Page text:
Reviewed by Sean “Griz” McClendon. Photos by Ian Collins.
Life without gravity is bunk. This bike cured my depression and ended a 23-month dry spell of no downhill. I was excited to return to riding downhill on a dual compact linkage design - yes, the beloved DW-Link by means of the Phoenix DH by Pivot Cycles.
I had a premeditated idea of what this design would require from the body based on my past experience on the Iron Horse Sunday, a parking lot test on Kyle Strait’s 2011 Phoenix race bike, and hours of relearning to dirt jump on his 2011 Pivot M4X slalom race bike. It was a bittersweet day when Shaun Palmer inherited that MDW 4X. I still miss it. However, the Pivot Phoenix exceeded all expectations. Especially after we went to Whistler. With its spacious cockpit, relaxed stock head angle, low center of gravity, evenly displaced weight and balanced geometry this bike has impressed me from ride one. Sunday lovers can rejoice. The Pivot Phoenix DH is the answer you’ve been waiting for.
Meet The Phoenix
Developed in conjunction with Dave Weagle, Kyle Strait, and the Pivot/LEX team, the Phoenix is the top of the line downhill offering from Pivot Cycles. We’ve seen the Pivot Phoenix being raced on the World Cup circuit for a few years now and it’s popular amongst those who ride one. It uses the tried and true DW-link suspension system, which has a long and successful history in the racing scene. Personally, I watched as much Luke Strobel footage as I could find online to check his technique onboard the Phoenix before I actually rode it. Luke’s got the body English well figured out for this bike and I took note.
- 8.15-inches (207mm) of travel
- 1.5-inch headtube
- 64-degree head angle with (adjustable +/- ½, 1, or 1.375-degrees with the Cane Creek Angleset)
- 17.28-inch chainstays
- Swappable dropouts for wheelbase adjustment
- 13.6-inch bottom bracket height
- Standard 83mm threaded bottom bracket shell with ISCG05 mounts
- 150mm rear spacing with 12mm through axle
- Complete bikes weigh in at sub 38-pounds (17kg)
- MSRP $2999 for frame and Fox DHX RC4 Coil shock
It was an exciting day when the UPS man dropped off our test bike. Things got nerdy when we opened the box. “Those look like new Shimano Saint levers.” We pull the bike out. “Is that a clutch on the derailleur?” Looks like we get to test out a pre-released Shimano Saint group and Kashima coated 2013 Fox suspension – so juiced! Now that over 300 minutes of ride time are logged over diverse terrain - San Diego, Bellingham and Whistler Bike Park - it’s time to lay down some real talk on how she’s performed and held up.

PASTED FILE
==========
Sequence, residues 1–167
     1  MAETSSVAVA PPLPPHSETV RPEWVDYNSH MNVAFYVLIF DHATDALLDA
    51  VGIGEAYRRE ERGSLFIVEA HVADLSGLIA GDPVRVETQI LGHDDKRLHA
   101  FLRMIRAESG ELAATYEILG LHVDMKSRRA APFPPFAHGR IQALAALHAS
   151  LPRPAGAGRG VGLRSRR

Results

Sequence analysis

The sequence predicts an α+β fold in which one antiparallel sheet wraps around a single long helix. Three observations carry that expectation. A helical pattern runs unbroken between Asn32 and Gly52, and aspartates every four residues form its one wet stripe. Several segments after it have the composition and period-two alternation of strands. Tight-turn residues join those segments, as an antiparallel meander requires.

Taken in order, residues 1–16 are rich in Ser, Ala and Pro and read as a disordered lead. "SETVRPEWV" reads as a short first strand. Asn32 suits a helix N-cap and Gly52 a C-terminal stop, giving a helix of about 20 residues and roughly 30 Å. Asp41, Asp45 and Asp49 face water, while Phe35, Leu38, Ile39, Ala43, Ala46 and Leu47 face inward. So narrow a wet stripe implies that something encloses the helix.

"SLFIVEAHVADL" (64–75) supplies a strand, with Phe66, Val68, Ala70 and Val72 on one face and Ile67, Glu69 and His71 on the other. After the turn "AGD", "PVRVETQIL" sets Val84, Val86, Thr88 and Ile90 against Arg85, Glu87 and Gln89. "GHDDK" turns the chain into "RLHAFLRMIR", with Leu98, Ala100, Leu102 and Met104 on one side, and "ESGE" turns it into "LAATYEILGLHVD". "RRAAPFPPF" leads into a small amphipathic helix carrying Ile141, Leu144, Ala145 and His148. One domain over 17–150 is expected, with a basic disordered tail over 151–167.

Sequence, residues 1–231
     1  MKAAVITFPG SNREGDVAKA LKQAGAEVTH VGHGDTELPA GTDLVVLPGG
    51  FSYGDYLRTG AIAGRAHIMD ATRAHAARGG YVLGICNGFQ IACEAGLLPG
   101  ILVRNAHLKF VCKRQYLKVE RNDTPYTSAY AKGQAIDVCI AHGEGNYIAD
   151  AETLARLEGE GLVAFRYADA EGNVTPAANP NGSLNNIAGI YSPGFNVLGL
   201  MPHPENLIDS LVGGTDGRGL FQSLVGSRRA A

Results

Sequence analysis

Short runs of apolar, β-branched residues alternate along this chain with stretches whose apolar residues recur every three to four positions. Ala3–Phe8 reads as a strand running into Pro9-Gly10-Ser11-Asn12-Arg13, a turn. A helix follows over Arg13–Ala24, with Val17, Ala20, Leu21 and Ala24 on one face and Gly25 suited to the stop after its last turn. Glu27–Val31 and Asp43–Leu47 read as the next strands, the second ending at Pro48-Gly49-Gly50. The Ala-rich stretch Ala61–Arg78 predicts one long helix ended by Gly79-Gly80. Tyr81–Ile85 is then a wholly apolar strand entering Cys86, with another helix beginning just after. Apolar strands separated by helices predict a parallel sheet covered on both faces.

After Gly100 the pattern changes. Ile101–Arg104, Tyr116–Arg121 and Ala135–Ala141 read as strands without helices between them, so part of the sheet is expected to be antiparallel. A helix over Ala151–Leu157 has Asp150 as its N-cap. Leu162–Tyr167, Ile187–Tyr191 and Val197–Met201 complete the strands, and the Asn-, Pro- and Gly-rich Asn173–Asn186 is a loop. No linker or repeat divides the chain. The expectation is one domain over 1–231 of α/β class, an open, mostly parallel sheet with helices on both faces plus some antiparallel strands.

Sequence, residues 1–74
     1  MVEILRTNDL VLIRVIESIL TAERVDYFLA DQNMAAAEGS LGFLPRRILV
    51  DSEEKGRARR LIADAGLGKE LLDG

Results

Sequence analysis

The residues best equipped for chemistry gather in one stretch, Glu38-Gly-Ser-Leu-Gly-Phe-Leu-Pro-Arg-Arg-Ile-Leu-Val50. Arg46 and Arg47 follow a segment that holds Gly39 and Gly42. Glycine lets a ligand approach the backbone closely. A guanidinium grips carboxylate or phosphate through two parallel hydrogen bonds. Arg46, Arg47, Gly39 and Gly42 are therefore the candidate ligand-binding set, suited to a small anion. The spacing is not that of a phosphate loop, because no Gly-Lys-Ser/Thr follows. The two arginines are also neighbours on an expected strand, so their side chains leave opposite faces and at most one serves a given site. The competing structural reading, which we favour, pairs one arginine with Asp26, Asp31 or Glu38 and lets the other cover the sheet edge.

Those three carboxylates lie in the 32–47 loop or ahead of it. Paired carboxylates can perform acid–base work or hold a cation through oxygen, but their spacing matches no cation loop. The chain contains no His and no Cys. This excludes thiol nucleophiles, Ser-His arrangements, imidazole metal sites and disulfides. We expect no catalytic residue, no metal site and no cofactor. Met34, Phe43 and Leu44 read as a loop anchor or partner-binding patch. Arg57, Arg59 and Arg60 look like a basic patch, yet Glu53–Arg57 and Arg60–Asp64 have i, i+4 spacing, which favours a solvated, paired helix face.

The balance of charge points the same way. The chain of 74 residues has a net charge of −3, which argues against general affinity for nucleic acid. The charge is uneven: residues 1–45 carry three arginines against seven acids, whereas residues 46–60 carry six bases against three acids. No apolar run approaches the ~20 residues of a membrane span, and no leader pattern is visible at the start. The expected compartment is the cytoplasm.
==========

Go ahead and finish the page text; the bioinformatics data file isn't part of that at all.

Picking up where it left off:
Pivot has a sizing guide on their website to ensure a correct fit. At 5'10” I chose a large with short dropouts and it fit well. My opinion is to size up if you are within an inch of their suggested height, simply so you can develop the stance this bike requires.
Baller Build Kit
I’ve been awed with the build kit Pivot chose. The new 2013 Shimano Saint group highlighted our test build, a slight difference from the standard SRAM X0 offering from Pivot. Shifting has been crisp and quiet thanks to Shimano's Shadow Plus system. Once you ride a bike equipped with a clutched rear derailleur, you’ll be forever changed. Braking hasn’t failed and I’m sold on the modulation, lever fit and power of the new Saint. The group is tough, too - I managed to dump her on the front brake lever, and to my surprise, the lever made friends with a rock without breaking. There’s not much more to be said about the new cranks – they’re proven and still get scratched when you smash them into boulders. My least favorite part of the build is the Saint pedals. Shimano still uses tiny pins that don’t hold your feet well and you have to remove each pin and screw them back in minus the washer to get the right pin height. I ended up testing the bike with Deity Decoy aluminum pedals with Vans Gravel shoes. This combo feels fantastic and I’m sticking to it.
Gravity Light bars, stem and seatpost were included with the build and I have nothing bad to say about the group. At 800mm wide, the Gravity Light bars had a familiar bend and sweep, which was nice. My width preference is under 800mm and rather than chopping the bars, I had Deity send over a set of Dirty 30’s for me to test along with the pedals. That being said, the Gravity line of components is great. DT Swiss EX 500 rims on 350 hubs with bladed spokes made for a lightweight set of race wheels. Old Griz would have eaten those hoops up faster than a California burrito, but my new carcass is about 165-pounds soaking wet and I only managed to put one dent in the rear hoop while spokes have been tensioned twice. DT Swiss makes great product and the lighter you are, the more durable their product becomes.